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SUPREME COURT

FIRST DIVISION

BANK OF THE PHILIPPINE ISLANDS


EMPLOYEES UNION-ALU,
Petitioner,

-versus- G.R. Nos. 69746-47


March 31, 1989

NATIONAL LABOR RELATIONS


COMMISSION (NLRC) and BANK OF
THE PHILIPPINE ISLANDS,
Respondents.
x----------------------------------------------------x

BANK OF THE PHILIPPINE ISLANDS


EMPLOYEES UNION,
Petitioner,

-versus- G.R. Nos. 76842-44


March 31, 1989

NATIONAL LABOR RELATIONS


COMMISSION, ASSOCIATED LABOR
UNIONS, BPIEU-ALU and BANK OF
THE PHILIPPINE ISLANDS,
Respondents.
x----------------------------------------------------x
ASSOCIATED LABOR UNIONS (ALU)
and BANK OF THE PHILIPPINE
ISLANDS EMPLOYEES UNION-ALU
(BPIEU-ALU),
Petitioners,

-versus- G.R. Nos. 76916-17


March 31, 1989

NATIONAL LABOR RELATIONS


COMMISSION, BANK OF THE
PHILIPPINE ISLANDS and ATTY.
IGNACIO P. LACSINA,
Respondents.
x---------------------------------------------------x

DECISION

CRUZ, J.:

We have to go back seven years to trace the train of events that began
and chugged its way through the circuitous and sluggish route that
has finally brought it to the decision we are now making. There are
three cases here intertwined which we have consolidated because they
all involve the same employee-employer relations of the Bank of the
Philippine Islands and its personnel. chanroblespublishingcompany

G.R. Nos. 69746-47

First Issue

In the course of their negotiations with the Bank of the Philippine


Islands for a new collective bargaining agreement to replace the one
expiring on March 31, 1982, serious differences arose between the
Bank of the Philippine Islands Employees Union-Metro Manila and
its mother federation, the Associated Labor Unions. This prompted
the former to manifest that it would henceforth negotiate alone with
BPI independently of ALU, which in turn, suspended all the elective
officers of BPIEU-Metro Manila led by its president, Carlito Reyes,
who was replaced by Rolando Valdez as acting president. In
retaliation, Reyes and his followers, claiming to be the legal and sole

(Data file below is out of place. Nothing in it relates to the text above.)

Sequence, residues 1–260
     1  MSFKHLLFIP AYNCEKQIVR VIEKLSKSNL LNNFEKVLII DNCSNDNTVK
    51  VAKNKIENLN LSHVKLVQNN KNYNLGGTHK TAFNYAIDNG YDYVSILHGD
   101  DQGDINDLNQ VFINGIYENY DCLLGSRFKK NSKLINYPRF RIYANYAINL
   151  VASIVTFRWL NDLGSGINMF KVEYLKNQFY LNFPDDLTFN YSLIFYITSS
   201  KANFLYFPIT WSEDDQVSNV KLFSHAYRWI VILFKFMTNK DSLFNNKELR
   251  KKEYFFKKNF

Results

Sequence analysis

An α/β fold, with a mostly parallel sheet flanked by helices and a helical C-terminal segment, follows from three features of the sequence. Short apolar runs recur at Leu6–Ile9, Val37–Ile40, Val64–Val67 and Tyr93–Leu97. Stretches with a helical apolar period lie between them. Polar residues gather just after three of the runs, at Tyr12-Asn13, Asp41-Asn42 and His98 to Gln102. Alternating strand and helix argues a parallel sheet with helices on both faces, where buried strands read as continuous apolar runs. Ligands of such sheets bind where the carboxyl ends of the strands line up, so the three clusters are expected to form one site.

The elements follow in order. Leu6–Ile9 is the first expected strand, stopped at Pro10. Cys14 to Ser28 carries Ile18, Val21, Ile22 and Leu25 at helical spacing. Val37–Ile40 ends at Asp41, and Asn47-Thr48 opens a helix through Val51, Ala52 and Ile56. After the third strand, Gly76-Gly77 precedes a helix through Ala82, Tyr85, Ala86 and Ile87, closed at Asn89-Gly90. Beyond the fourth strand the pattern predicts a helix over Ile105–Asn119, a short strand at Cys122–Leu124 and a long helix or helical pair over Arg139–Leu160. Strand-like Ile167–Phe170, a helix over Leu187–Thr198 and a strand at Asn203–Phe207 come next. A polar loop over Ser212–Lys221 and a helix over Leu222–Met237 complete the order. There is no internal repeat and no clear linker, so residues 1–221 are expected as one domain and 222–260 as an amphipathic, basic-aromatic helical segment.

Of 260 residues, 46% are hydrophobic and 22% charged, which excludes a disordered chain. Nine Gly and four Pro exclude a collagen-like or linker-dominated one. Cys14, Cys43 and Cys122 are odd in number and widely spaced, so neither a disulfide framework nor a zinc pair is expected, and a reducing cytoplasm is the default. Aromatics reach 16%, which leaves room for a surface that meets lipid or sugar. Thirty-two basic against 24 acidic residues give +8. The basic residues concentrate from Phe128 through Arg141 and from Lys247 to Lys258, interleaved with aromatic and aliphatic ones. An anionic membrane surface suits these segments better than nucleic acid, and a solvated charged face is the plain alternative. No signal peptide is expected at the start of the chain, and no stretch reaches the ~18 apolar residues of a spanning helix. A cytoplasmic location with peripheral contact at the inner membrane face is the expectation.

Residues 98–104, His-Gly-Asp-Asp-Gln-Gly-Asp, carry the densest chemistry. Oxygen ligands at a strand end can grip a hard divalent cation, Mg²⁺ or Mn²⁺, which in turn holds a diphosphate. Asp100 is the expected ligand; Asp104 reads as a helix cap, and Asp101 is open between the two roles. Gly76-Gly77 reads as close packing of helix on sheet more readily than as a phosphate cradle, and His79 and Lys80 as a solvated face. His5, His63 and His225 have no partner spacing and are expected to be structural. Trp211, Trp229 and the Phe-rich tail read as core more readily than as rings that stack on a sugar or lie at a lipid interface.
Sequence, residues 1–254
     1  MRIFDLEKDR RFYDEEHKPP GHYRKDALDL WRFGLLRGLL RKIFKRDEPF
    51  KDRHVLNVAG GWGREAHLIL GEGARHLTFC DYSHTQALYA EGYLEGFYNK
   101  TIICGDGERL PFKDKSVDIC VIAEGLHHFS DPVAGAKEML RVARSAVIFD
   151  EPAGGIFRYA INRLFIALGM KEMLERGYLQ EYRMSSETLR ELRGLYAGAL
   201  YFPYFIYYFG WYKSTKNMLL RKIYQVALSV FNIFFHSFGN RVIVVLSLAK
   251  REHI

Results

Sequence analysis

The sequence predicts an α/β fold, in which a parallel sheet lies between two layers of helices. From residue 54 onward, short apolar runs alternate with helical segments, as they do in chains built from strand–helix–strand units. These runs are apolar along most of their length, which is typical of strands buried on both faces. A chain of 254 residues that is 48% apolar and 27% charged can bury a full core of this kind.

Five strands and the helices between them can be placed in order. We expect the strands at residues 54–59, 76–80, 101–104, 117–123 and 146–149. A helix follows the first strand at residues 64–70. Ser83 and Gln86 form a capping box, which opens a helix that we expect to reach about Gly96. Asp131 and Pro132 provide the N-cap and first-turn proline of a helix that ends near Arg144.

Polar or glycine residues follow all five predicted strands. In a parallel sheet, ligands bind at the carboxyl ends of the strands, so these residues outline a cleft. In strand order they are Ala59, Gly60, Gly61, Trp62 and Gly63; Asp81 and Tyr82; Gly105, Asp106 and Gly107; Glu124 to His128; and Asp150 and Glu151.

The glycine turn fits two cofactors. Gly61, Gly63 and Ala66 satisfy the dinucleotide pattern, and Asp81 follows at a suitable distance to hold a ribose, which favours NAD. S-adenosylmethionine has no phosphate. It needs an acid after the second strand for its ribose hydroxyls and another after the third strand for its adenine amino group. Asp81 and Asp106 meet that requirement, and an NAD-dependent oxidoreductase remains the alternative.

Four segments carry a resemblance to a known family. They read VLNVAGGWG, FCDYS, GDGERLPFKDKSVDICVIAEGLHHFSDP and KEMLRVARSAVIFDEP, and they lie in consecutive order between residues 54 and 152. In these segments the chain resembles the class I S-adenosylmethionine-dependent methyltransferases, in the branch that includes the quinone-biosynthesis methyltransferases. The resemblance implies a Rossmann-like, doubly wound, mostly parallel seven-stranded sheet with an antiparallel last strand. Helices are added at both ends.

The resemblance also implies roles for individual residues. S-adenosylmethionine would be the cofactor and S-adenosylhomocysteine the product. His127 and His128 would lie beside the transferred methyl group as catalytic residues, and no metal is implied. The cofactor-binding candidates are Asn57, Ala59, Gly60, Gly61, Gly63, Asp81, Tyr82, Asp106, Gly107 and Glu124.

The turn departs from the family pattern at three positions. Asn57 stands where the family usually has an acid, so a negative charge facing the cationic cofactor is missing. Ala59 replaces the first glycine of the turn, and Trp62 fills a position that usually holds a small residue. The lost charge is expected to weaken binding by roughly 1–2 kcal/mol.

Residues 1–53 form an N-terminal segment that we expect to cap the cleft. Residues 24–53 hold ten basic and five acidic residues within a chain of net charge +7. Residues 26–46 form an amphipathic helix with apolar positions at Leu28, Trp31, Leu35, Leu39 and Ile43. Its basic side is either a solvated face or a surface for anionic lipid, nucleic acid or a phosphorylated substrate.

representatives of BPIEU-Metro Manila, formally disaffiliated from
ALU on November 16, 1982.[1] chanroblespublishingcompany

As no agreement could be reached on a wide variety of economic


issues, the dispute between BPI and its employees was certified by the
Minister of Labor for compulsory arbitration and docketed in the
National Labor Relations Commission as Certified Cases Nos. 0279
and 0281.[2] These cases were later consolidated with the
Manifestation and Motion for Interpleader and to Consign Union
Dues, which was filed by BPI in view of the conflicting claims of the
Reyes and Valdez groups for the said dues.[3] chanroblespublishingcompany

On March 22, 1983, the NLRC resolved the bargaining deadlock by


fixing the wage increases and other economic benefits and ordering
them to be embodied in a new collective bargaining agreement to be
concluded by BPIEU-Metro Manila and ALU with BPI. It did not
decide the intra-union dispute, however, holding that this was under
the original jurisdiction of the med-arbiter and the exclusive appellate
jurisdiction of the Bureau of Labor Relations.[4] chanroblespublishingcompany

Claiming to be the labor union referred to in the decision, the Reyes


group filed a petition with the Bureau of Labor Relations for direct
certification on the ground of its disaffiliation from ALU. This petition
was denied in a decision dated June 13, 1983, where BLR Director
Cresenciano Trajano held that the disaffiliation was invalid because it
was done beyond the freedom period. The decision ended with the
following disposition: chanroblespublishingcompany

ACCORDINGLY, this Office hereby resolves not to give due


course to the Bank of the Philippine Islands Employees Unions’
disaffiliation from the Associated Labor Unions, as well as its
petition for direct certification.
The Bank of the Philippine Islands, however, is hereby directed
to sign jointly with the Bank of the Philippine Islands
Employees Union, petitioner herein, and the Associated Labor
Unions, the collective agreement decreed by the Commission on
22 March 1983 for the bank’s Metropolitan Manila offices with
the qualification that the administration thereof shall be at the
account of the Bank of the Philippine Islands Employees Union.
The dues-sharing scheme being observed by BPIEU and ALU
shall be maintained.[*] chanroblespublishingcompany

The Reyes group then came to this Court in a petition for certiorari,
with a prayer for a temporary restraining order, which we issued on
July 11, 1983, to prevent the BLR and the BPI from enforcing the